Shifting attention to the economic consequences of COVID-19



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Former chair of the Commonwealth Grants Commission and member of CEDA’s Council on Economic Policy, Greg Smith, joined University of Melbourne Tax and Transfer Institute Professor, Miranda Stewart, for a conversation on economic recovery after COVID-19 moderated by CEDA CEO, Melinda Cilento.

Mr Smith began the discussion by outlining the unique problems the COVID-19 crisis presents for the economy.

“We have been fighting a war and it has completely dominated our attention. However, every war has unintended consequences as all the best historians say and the unintended consequences can eventually become more important than the original purpose of the war.

“In our case, the unintended consequences of our response to the pandemic crisis are building up around us very rapidly. We need to shift our attention to addressing these very much because they will have long lasting impacts, particularly on our young people but across the entire community.

“That’s why we need to make the extra effort of putting our economic processes back in play and ensuring we pay attention. There are three big things that we need to get the official view on

“Firstly, the basic profile of this crisis. I believe the profile of this crisis is very unusual, it is nothing like the GFC. We need to have an official understanding that explains what this profile is and will be.

“Secondly, there is a mismatch in the timing in front of us. The budget is set down for October, but the economic crisis response is set down to expire in September. This is to say that everything that we have set down expires before the budget. We have a gap, which is why I called for an economic statement to start the process of being prepared for that gap. If we respond to the gap we are effectively having a budget before the budget. It is really important to realise that we have to get on to this job because we are getting some timing mismatches.

“The final one is that uncertainty itself has a very high potential economic cost. We really need the government to do everything it can to reduce uncertainty.

Weighing in on the topic of an economic statement, Miranda Stewart detailed what she would like to see such a statement address.

“Moving the budget to facilitate an emergency response was the right move but that emergency response is mostly being done by dramatically increasing executive power – the power of the Treasurer and Minister for Social Security to make those changes. This will possibly extend to the end of the year.

“Of course we don’t’ want to govern by executive fiat so I would like to see us get back on track and see those regular stable statements and policies. We need the economic indicators and assumptions that are going to underpin the fiscal estimates. It would be good to see information about the government’s risk assessments…and to also see some details about the next step in the fiscal policy response.”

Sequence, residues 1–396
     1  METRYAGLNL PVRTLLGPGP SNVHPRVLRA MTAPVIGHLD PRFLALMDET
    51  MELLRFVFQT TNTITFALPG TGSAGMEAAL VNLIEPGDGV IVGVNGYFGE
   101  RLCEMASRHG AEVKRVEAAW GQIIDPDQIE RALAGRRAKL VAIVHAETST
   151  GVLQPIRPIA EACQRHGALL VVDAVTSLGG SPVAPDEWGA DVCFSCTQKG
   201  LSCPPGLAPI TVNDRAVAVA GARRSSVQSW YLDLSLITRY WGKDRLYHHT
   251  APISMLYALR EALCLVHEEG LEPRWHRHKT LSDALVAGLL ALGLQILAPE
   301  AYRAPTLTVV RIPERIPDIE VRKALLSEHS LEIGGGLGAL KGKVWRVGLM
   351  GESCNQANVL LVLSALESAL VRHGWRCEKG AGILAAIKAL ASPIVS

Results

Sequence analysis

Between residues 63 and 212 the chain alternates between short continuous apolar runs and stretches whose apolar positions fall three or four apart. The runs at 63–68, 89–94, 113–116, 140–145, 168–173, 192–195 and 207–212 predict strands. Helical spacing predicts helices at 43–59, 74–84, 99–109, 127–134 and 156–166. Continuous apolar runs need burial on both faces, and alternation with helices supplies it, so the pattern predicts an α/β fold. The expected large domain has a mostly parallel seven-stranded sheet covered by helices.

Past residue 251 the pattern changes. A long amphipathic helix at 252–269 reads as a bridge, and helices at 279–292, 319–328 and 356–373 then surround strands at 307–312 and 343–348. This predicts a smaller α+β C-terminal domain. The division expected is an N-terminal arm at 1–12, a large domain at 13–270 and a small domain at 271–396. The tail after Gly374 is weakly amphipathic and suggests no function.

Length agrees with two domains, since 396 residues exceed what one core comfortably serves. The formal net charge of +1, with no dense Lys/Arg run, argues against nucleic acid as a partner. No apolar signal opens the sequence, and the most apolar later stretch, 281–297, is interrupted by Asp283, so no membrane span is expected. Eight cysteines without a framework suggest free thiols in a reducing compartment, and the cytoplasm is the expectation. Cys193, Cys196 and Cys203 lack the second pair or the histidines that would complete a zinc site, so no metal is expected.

When the discussion turned to the future of the crisis, Mr Smith offered a caution.

“What we have to understand is that we can’t predict entirely what is going on. We face what various writers have been referring to as radical uncertainty. The challenge in this situation is not to predict what will happen or when, but to anticipate the possibilities, work out what you know and establish a set of rules that let people know how you are going to behave as these things unfold.”

Speaking further on the prospects for recovery, Professor Stewart highlighted Australia’s relative good fortune.
“A healthy economy really depends on healthy people…We need to think about how we can leverage the health of our population due to our handling of the crisis for our future economic response.”

Reflecting on how the crisis will affect our attitudes towards economic policy, Mr Smith highlighted the significance of the changes we have already seen

“We have basically spent about $200 billion transferring net wealth from the public sector to the business community and the household sector. I suspect that wont be the end of it by any means…I am not saying that aims such as a quick return to budget surplus have to be removed (from the budget statement) but I am saying we have to be a bit more realistic if we are going to say anything useful for the next two, three, four or five years. Because I do not think we can return to those concepts of debt and deficit in that timeframe. What was a medium term framework is now a long-term framework and we need to know whether the government agrees with that or whether they are going to revert to that old framework quickly.

“My view is that we are going to have to focus on macroeconomic repair before we focus on budget repair.”
Professor Stewart reflected on how the crisis was likely to play out from a tax perspective.

“We need so shore up our tax bases with some incremental reform. The states are going to see a big hit to their fiscal statements and perhaps there is room there to see some economic stimulus but the Federal Government has to lead that reform. Maybe in future we are going to see that level of leadership on fiscal policy decision making but we haven’t really seen that to date.”

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